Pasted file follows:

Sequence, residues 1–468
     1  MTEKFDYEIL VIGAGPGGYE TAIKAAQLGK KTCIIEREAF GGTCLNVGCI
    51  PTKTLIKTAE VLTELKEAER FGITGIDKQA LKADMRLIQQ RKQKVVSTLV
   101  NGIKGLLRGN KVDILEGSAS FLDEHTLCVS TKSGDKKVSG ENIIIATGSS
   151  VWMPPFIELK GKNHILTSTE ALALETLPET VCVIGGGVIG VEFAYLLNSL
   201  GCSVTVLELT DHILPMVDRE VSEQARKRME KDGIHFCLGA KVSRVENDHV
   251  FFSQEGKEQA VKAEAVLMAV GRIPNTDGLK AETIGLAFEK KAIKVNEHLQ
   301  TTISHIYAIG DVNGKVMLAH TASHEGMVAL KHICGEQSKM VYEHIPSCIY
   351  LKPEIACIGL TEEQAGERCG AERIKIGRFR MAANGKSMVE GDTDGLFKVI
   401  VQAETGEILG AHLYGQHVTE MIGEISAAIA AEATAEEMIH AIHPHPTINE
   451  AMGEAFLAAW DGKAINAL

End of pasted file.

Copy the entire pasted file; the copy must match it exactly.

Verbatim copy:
Sequence, residues 1–468
     1  MTEKFDYEIL VIGAGPGGYE TAIKAAQLGK KTCIIEREAF GGTCLNVGCI
    51  PTKTLIKTAE VLTELKEAER FGITGIDKQA LKADMRLIQQ RKQKVVSTLV
   101  NGIKGLLRGN KVDILEGSAS FLDEHTLCVS TKSGDKKVSG ENIIIATGSS
   151  VWMPPFIELK GKNHILTSTE ALALETLPET VCVIGGGVIG VEFAYLLNSL
   201  GCSVTVLELT DHILPMVDRE VSEQARKRME KDGIHFCLGA KVSRVENDHV
   251  FFSQEGKEQA VKAEAVLMAV GRIPNTDGLK AETIGLAFEK KAIKVNEHLQ
   301  TTISHIYAIG DVNGKVMLAH TASHEGMVAL KHICGEQSKM VYEHIPSCIY
   351  LKPEIACIGL TEEQAGERCG AERIKIGRFR MAANGKSMVE GDTDGLFKVI
   401  VQAETGEILG AHLYGQHVTE MIGEISAAIA AEATAEEMIH AIHPHPTINE
   451  AMGEAFLAAW DGKAINAL